The editors of the nation’s most popular pot magazine on its four decades-long fight to end cannabis prohibition.
We caught up with some of the current and former editors of the self-styled “most dangerous magazine in America” to talk about their role in the long, hard fight for legalization—and their hopes for a cannabis-infused future.
Rick Cusick (associate publisher): High Times was founded by Thomas King Forçade, the number-one East Coast marijuana smuggler in the late ’60s–early ’70s. He was a true revolutionary. He came up with the idea of High Times in 1974.
Michael Kennedy (general counsel): At the time, I was practicing at an office in a town house that a lawyer and I owned together on East 78th Street. Tom would come in virtually daily and talk about one adventure or another. Tom’s primary activity was flying pot from Jamaica into South Florida, sometimes into Georgia or Alabama. And he was successful at it. It’s why one of the original High Times logos is an airplane—it’s a mock-up of a DC-3, because that’s what he would fly, loaded to the gills with marijuana. When he founded High Times, he founded it with that cash—because at the time, you could take cash to the bank and open up a bank account. So Tom started this magazine with dope money.
Rick Cusick: Tom died in 1978. He killed himself, and the memorial was attended by lawyers, pot dealers, rock stars and more lawyers. They wanted to have a special memorial, so they rented the top floor of the World Trade Center so they could be as high as they possibly could. They went to the top of the World Trade Center, and the editors of High Times and Keith Stroup from NORML approached the family and got a small amount of Tom’s ashes. And they took the ashes from the founder of High Times and mixed it in with an ounce of marijuana, and they smoked it on the roof of the World Trade Center. And they took a little bit and tossed it off. So I work for a company that smoked its founder. That’s culture.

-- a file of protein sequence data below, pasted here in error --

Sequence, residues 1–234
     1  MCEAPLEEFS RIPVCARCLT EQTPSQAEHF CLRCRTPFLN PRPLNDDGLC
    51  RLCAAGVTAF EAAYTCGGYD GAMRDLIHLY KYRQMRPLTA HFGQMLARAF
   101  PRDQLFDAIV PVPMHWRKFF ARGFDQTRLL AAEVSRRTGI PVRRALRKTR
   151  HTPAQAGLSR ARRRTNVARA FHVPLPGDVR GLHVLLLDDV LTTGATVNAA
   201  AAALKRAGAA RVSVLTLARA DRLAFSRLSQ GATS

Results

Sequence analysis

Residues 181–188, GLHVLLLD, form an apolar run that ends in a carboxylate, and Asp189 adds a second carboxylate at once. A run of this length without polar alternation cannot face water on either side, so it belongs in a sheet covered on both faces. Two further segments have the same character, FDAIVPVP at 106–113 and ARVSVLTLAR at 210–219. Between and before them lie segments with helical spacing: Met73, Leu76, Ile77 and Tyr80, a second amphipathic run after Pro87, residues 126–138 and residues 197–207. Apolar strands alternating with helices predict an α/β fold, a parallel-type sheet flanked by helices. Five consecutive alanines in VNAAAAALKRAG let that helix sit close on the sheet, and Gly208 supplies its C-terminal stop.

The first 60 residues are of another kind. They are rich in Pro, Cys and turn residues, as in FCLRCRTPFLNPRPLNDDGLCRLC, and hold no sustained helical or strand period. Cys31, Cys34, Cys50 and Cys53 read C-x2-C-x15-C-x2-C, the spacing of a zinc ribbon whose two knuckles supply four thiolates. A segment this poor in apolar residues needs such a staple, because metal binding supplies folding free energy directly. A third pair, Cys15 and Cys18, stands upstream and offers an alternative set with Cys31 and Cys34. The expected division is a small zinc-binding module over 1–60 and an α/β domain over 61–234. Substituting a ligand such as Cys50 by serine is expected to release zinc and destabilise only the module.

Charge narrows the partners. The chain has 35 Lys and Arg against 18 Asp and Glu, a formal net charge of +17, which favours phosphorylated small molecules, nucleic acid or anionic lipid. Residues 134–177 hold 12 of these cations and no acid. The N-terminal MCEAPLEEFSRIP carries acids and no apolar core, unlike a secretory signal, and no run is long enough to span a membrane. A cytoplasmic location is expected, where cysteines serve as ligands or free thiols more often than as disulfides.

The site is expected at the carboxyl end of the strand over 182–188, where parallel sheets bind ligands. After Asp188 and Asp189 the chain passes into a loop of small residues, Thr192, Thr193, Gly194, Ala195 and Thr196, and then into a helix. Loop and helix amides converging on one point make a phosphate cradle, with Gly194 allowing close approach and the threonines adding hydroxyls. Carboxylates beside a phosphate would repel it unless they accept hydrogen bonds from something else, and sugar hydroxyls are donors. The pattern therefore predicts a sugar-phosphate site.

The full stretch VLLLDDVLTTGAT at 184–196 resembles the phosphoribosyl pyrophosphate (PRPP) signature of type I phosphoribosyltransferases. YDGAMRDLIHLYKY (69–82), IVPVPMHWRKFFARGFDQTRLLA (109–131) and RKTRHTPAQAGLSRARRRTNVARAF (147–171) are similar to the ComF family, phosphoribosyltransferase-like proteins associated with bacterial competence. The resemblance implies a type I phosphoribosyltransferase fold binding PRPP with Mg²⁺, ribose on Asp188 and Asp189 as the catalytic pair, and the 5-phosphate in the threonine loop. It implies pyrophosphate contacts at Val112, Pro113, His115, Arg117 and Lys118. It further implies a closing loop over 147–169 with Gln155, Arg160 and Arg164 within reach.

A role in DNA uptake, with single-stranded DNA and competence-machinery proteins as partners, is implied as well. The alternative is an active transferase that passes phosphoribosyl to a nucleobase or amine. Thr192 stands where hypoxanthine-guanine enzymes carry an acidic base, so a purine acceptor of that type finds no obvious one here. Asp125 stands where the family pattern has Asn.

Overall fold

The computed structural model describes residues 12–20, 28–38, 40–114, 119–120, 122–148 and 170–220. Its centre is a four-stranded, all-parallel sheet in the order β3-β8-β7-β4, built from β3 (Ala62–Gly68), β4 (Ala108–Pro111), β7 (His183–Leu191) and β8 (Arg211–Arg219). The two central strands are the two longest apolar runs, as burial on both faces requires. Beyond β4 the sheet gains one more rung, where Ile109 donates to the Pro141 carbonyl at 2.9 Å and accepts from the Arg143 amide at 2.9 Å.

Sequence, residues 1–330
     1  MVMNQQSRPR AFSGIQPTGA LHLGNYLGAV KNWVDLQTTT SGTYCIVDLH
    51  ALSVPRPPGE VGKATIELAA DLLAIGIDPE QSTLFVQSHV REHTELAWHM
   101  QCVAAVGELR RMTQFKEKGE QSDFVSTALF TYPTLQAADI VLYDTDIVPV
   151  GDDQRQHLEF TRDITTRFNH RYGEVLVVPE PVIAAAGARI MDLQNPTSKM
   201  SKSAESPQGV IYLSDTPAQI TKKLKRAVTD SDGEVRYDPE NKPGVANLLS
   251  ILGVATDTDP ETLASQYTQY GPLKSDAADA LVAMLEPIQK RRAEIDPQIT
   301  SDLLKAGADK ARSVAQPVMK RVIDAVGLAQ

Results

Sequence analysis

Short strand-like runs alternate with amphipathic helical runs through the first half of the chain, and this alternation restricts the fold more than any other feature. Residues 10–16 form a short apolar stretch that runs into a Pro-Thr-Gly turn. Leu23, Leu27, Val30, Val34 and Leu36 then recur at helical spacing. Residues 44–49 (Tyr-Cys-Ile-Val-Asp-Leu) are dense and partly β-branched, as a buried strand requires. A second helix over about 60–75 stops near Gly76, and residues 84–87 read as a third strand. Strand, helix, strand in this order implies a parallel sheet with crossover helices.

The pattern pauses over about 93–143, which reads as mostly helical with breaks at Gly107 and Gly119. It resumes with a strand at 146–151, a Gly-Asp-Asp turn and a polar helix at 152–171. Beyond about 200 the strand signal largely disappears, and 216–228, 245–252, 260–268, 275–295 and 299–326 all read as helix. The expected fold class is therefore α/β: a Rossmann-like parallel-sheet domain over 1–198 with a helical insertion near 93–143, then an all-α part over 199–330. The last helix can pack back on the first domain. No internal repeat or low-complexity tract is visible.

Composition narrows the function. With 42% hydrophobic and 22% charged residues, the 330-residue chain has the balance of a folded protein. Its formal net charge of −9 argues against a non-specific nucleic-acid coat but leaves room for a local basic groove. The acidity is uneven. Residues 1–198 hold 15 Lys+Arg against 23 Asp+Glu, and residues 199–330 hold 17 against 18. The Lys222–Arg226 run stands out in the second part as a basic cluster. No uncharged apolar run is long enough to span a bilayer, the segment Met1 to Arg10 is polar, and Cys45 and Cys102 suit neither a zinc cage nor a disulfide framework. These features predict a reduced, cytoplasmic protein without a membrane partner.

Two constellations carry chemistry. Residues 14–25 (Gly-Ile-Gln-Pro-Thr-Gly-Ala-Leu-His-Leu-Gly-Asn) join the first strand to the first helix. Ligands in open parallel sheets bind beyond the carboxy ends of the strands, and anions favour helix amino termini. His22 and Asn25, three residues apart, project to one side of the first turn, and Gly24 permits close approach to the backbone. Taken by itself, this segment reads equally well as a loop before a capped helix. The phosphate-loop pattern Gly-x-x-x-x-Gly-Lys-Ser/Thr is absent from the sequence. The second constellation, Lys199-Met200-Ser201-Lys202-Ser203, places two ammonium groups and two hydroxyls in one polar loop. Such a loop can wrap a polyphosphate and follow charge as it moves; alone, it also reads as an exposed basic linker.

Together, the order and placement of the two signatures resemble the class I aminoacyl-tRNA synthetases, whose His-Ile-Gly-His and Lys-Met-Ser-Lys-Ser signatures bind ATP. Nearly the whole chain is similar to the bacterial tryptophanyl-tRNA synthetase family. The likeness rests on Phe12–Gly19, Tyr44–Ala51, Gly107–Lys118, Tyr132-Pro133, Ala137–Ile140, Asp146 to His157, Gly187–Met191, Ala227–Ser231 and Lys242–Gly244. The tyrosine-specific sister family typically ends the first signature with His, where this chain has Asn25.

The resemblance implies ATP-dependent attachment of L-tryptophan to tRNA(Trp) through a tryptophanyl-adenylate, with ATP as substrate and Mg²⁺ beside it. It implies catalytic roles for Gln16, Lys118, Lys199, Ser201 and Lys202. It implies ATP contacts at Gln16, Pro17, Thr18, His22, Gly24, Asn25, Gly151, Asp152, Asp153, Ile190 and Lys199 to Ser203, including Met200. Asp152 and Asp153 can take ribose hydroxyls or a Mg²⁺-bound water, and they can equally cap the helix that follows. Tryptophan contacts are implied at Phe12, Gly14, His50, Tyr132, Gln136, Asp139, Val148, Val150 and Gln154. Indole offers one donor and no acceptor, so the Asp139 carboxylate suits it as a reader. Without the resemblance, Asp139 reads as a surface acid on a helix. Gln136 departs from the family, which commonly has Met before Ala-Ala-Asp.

Michael Kennedy: We were trying to decide how best to subvert the anti-marijuana laws. And one of the ways Tom came up with—and it’s really the seed of genius of High Times—is teaching people how to grow marijuana. Because if, in fact, you can teach people how to grow, and there’s a First Amendment right to teach, they can start growing under any imaginable circumstances—from your aunt’s sewing basket to a drawer in your college dorm. All you need is a paper towel and a little bit of water, and nature will take care of the rest. If everybody who wants to grow can learn how to grow, then there’s no way the government can possibly withstand that subversion.
Steve Hager (former editor in chief): After Tom died, Michael Kennedy stepped in and saved the company. I came in several years later.… You can imagine that the magazine, for years, had just been people doing drugs all day long. People would come in for photographs, and the art director would do lines of coke in the art room, and people would be smoking in every corner. It was nitrous balloons; it was… talk about fog. It just couldn’t run like that. I wanted it to be a magazine that changed the perspective people had on pot, because at that time, people thought it was the same as cocaine. And I wanted to draw a line and say, “No, no, no—coke is on this line.” It immediately took off and went from teetering on the verge of collapse to selling the best it ever sold.
Michael Kennedy: We started the Cannabis Cup in 1987. Steve Hager went to a half-dozen growers in the Netherlands—we called them “the Dutch Masters”—and said, “We’ll sponsor a Cup here in Amsterdam. Why don’t you bring your very best seeds, your very best buds?” We weren’t too interested in hash or oils back then. Certainly, there were no real edibles or lotions at the time.
Steve Hager: At first, we were just sending little skeleton crews of three people, and the company didn’t want to invest money in it, so I didn’t turn it into a public event until the fifth year. And I had this concept that we were going to base all of our ceremonies around 420, which is something nobody had ever heard of. What had happened was, I’d been sitting outside the office in the stairwell—the only place we could smoke a joint at that time; now we probably can’t smoke at all—and my news editor, Steve Bloom, was carrying a flier he’d picked up at a Grateful Dead show in Oakland. It said, “Come to Mount Tamalpais on April 20th at 4:20.” So I’m looking at this paper, and it says that people are going to meet at 4:20 on April 20 at the top of Mount Tamalpais to smoke pot together. And I think this was anemanation, a manifestation of the spiritual powers of cannabis. Calling its tribe to its Passover, to its Sermon on the Mount—it’s our baby infant religion, and it’s forming before our eyes.
Michael Kennedy: Today the Cannabis Cup is good branding, quite simply. It allows us to meet the new generation, the young growers. They’re really young and vibrant, God bless ’em. And there’s an entirely new breed of growers who studied agronomy, and studied botany and chemistry, and they are true, scientific twenty-first-century farmers. And they’re developing some of the finest weed imaginable.